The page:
City Life – Abdul Rehman, Old Delhi Romeo
The Delhi walla‘s pretension in writing makes me want to lodge a bullet in his balls – Blogger Nimpipi, the woodchuck chucks
GO STRAIGHT TO MORE STORIES
Contact email@example.com for ad enquiries.
Love in the Walled City.
[Text and pictures by Mayank Austen Soofi]
Abdul Rehman, 23, lives in Old Delhi. A shop assistant, he shared his secrets with The Delhi Walla while whiling away afternoon hours at his work place – a beads store in the Walled City’s bustling Turkman Gate bazaar.
Mr Rehman first met Ms Naz, 18, early in 2009 at Sheila cinema, one of the few single screen theatres left in the Capital. “I’d gone to watch Delhi 6, the movie. She was on the next seat,” he says. Before the first song started, he had already exchanged a few words with Ms Naz. Before the film ended, he had exchanged phone numbers. What followed was predictable: sms-es, phone chats, discrete meetings.
“Naz has chubby cheeks, thin lips, big eyes, sweet voice,” swoons Mr Rehman who has light-brown eyes, long nose, wavy hair and a Casanova past. “I’ve had many girl friends and have done all that you could do with a girl,” he says before adding, “But I have not done anything objectionable with Naz, my future bride.”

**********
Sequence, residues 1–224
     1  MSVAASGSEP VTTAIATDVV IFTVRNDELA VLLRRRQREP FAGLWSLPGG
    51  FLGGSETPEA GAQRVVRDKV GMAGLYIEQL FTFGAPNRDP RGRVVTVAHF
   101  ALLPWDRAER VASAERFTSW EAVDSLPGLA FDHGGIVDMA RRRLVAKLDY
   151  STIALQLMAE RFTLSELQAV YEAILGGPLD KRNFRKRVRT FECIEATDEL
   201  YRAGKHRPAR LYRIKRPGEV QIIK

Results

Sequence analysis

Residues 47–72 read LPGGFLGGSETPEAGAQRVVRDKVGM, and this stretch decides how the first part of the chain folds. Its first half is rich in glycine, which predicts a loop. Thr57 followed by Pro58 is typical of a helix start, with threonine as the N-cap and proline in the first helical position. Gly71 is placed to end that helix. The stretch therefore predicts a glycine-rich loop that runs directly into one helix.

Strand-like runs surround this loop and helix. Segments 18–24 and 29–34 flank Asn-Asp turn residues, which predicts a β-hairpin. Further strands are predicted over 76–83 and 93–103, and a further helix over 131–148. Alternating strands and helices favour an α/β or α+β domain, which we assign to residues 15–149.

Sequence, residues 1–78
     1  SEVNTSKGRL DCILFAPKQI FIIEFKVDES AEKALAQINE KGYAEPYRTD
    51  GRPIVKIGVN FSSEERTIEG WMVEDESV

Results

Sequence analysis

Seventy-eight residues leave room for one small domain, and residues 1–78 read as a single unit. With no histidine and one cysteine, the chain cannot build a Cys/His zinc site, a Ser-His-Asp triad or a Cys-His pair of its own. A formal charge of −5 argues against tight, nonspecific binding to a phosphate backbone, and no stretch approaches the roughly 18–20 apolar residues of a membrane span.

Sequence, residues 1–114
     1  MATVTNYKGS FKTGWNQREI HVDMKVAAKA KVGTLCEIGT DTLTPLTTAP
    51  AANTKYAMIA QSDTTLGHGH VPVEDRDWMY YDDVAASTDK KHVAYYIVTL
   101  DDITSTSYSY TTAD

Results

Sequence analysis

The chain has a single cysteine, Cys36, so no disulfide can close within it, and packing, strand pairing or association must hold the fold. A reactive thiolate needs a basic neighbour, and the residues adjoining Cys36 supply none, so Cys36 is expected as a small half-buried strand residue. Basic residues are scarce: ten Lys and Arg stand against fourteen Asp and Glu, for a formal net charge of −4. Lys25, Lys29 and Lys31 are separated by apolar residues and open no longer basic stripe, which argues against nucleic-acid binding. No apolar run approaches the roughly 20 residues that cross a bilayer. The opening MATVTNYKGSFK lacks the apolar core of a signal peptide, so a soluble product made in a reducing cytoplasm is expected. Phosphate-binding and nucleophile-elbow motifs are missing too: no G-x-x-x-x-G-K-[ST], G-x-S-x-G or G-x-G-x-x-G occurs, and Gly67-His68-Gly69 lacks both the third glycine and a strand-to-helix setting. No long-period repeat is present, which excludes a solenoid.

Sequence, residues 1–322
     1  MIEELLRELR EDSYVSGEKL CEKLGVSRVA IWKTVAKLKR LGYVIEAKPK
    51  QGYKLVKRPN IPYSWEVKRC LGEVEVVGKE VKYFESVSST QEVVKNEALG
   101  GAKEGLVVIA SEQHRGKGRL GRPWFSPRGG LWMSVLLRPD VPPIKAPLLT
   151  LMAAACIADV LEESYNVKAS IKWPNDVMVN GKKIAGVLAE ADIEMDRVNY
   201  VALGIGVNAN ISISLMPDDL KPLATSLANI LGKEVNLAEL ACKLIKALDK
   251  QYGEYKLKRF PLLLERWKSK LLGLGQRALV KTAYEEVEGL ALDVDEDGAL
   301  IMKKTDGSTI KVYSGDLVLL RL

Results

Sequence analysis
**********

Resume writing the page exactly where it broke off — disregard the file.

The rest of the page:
Mr Rehman sounds like a just-married man while talking of his current relationship status. “Naz is like my wife,” he says. “She daily rings up in the morning reminding that now I should take a shower, now I should have my breakfast, now I should leave for the work. At night, she calls me to make sure that I’m home and safe.” Each time Mr Rehman complains of a mild headache or catches a viral infection, she gets nervous.
Despite such domestic harmony, the couple meets only once in two weeks. Reason: Old Delhi is conservative and huge. Their homes are far apart. He lives in Galli Pahari Rajan in Chitli Qabar; she in Galli Sitara in Hauz Kazi. “But I watch Naz daily as she passes the store while going to study at a computer institute in Daryaganj,” Mr Rehman says. Then they only swap glances.
Why not more?
Mr Rehman whose father is buried at Dilli Gate graveyard has six brothers and two sisters. “The brother just younger to me knows about my affair and I suspect my Ammi too has some idea but I don’t want to take chances,” he says.
Instead they meet outside the Walled City. At V3S mall in Lakshmi Nagar, a trans-Yamuna neighbourhood, they eat burgers. In Surajkund, a city suburb, they take camel rides. “Sometimes she buy things for me, sometimes I buy stuff for her,” says Mr Rehman. Sometimes they watch films at Sheila or Delite.
Earning around Rs 5,000 each month, Mr Rehman hopes to double his income in two years. “Only then,” he says, “I would ask Ammi to go to Naz’s house with the marriage proposal.” Inshallah.
Thinking of his love
Looking for his love
Not alone in the world